If you want to lead others and “make a dent in the universe” as Steve Jobs used to say, you have to try to master these things. In the New Testament Paul used to talk about the “thorn in his flesh” that God had given him. We don’t know what it was exactly, but most theologians believe it was some kind of struggle that Paul had that he couldn’t shake. He was constantly aware of it and struggled to master it daily.

Like Paul and Jefferson we likely will never completely master our issues, but to accept them and embrace them is not the answer. To proclaim loudly to the world that you are a kleptomaniac and they should accept you as you are is ridiculous, yet we do this almost daily with our flaws in our society today because our culture has become so permissive that to criticize these flaws is seen as a personal attack on the person who is struggling.

Let us not be snowflakes. We are flawed. We are imperfect. We can be better. We should be better. To accept mediocre when you could be great is a huge waste of an opportunity to make your dent in the universe.

What Do You Need to Master?

What is the thorn in your side? Stop with the “I’m practically perfect in every way” and get real. What should you be better at? What do you need to fix about yourself? Our culture today will not help you find the answer. There are so few things today that are seen as genuine problems to overcome in such a permissible society.

The only things we seem to condemn anymore are serious crimes like abuse and murder, most other issues are just “quirks”. 100 years ago if you believed you were a monkey we would get you serious psychiatric help, today we’ll encourage you to life your best monkey life.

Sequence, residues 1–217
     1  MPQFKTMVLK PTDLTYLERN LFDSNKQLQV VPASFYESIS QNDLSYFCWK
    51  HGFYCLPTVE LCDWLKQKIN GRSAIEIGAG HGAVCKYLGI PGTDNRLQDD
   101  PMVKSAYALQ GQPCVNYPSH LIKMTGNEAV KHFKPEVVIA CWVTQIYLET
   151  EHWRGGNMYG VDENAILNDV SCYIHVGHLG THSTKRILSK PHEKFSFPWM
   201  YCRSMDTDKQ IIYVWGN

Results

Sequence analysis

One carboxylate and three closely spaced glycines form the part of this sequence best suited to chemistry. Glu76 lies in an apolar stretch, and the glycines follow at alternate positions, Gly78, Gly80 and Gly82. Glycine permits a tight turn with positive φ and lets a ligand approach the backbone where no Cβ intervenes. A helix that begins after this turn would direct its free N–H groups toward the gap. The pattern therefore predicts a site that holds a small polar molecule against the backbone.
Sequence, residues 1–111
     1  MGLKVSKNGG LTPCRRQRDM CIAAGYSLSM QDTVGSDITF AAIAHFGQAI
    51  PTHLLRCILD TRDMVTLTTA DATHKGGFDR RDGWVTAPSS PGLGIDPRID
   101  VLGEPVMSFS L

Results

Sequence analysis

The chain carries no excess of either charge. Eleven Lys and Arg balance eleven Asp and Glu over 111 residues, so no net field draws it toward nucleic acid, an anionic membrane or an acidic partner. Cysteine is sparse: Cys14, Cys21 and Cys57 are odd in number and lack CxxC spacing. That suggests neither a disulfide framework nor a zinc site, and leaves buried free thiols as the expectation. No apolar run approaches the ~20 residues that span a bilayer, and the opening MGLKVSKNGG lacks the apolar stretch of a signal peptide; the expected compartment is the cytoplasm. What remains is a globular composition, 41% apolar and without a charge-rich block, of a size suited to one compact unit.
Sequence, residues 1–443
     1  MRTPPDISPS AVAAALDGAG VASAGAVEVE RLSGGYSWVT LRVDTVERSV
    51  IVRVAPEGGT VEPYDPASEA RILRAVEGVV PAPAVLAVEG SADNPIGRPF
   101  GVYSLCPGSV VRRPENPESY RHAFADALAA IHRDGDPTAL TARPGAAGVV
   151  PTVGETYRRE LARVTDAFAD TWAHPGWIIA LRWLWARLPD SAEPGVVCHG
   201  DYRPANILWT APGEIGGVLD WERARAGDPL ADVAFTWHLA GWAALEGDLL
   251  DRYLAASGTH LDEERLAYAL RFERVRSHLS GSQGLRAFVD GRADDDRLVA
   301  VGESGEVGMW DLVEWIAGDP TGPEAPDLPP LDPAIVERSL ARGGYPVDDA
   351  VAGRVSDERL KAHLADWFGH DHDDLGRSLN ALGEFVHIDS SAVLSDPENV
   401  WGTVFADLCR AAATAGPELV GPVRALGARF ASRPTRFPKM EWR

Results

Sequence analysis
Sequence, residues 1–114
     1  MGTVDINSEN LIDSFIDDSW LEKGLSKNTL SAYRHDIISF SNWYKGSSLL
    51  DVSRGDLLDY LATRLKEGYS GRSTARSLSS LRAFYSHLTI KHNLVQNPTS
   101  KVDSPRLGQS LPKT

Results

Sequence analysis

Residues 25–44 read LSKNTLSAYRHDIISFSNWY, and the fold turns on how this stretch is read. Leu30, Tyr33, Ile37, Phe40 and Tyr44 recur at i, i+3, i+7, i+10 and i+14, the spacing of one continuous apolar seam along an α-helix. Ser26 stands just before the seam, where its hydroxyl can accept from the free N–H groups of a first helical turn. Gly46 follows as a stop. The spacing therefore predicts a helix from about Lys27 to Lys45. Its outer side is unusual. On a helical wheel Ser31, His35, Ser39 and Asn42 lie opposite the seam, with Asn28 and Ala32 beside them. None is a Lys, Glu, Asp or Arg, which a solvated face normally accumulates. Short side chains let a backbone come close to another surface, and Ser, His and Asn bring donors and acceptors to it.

For me personally I have two things I struggle with on a daily basis that have caused big issues in my personal and business life. First, I’m a major procrastinator. If I don’t set deadlines, nothing gets done. That was an easy one to fix. Put some processes in place to make sure I have a deadline, and now I can’t procrastinate past that moment.

Second, I have a major fear of confrontation. It’s a powerful issue I struggle with as a CEO of a 30 person operation. It’s easy for me to tell my managers they need to deal with an employee or client who is out of line very firmly, but if I’m the one who has to confront them I’ll give away the farm.

It infuriates me that when I need to be tough I often choose to delegate it our back down. When I’m pushed I will push back, but I’m a people pleaser at heart and confronting someone about something uncomfortable is usually not a way to win friends. So I work every day to be better at confrontation.

I do it as often as the opportunity arises even though I hate it. I get coaching from my COO who is not afraid of confrontation. I practice and read books since confrontation is not something that comes easily to me and slowly I am getting better. I haven’t mastered it yet, but the discipline to work at mastery is really the key.

Working to make yourself better, to master yourself, to be in control of yourself and not let genetics or family or society get in the way of what you could accomplish is the key. That is why mastery matters. If you have the discipline to work toward mastering yourself then you can get out of the way of your own success.

So think about it. What do you need to be better at? Don’t settle for the hand that you were dealt. You can do better. We need you to do better. The world needs you to be the best person you can be. We’re counting on you.